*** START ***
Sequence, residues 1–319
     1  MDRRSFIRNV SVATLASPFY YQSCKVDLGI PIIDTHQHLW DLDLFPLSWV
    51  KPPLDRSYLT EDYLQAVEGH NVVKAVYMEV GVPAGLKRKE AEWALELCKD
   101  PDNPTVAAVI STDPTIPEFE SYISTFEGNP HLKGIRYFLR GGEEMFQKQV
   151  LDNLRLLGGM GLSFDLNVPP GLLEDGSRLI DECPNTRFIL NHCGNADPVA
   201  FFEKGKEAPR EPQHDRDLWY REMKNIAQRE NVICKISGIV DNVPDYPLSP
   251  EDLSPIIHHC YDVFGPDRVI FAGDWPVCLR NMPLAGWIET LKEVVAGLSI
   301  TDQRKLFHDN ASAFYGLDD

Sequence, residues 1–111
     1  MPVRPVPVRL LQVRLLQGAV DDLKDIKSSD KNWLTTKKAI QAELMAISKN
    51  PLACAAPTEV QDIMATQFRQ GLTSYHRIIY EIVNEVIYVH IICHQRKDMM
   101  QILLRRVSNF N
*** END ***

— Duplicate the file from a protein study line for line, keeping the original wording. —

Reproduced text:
Sequence, residues 1–319
     1  MDRRSFIRNV SVATLASPFY YQSCKVDLGI PIIDTHQHLW DLDLFPLSWV
    51  KPPLDRSYLT EDYLQAVEGH NVVKAVYMEV GVPAGLKRKE AEWALELCKD
   101  PDNPTVAAVI STDPTIPEFE SYISTFEGNP HLKGIRYFLR GGEEMFQKQV
   151  LDNLRLLGGM GLSFDLNVPP GLLEDGSRLI DECPNTRFIL NHCGNADPVA
   201  FFEKGKEAPR EPQHDRDLWY REMKNIAQRE NVICKISGIV DNVPDYPLSP
   251  EDLSPIIHHC YDVFGPDRVI FAGDWPVCLR NMPLAGWIET LKEVVAGLSI
   301  TDQRKLFHDN ASAFYGLDD

Sequence, residues 1–111
     1  MPVRPVPVRL LQVRLLQGAV DDLKDIKSSD KNWLTTKKAI QAELMAISKN
    51  PLACAAPTEV QDIMATQFRQ GLTSYHRIIY EIVNEVIYVH IICHQRKDMM
   101  QILLRRVSNF N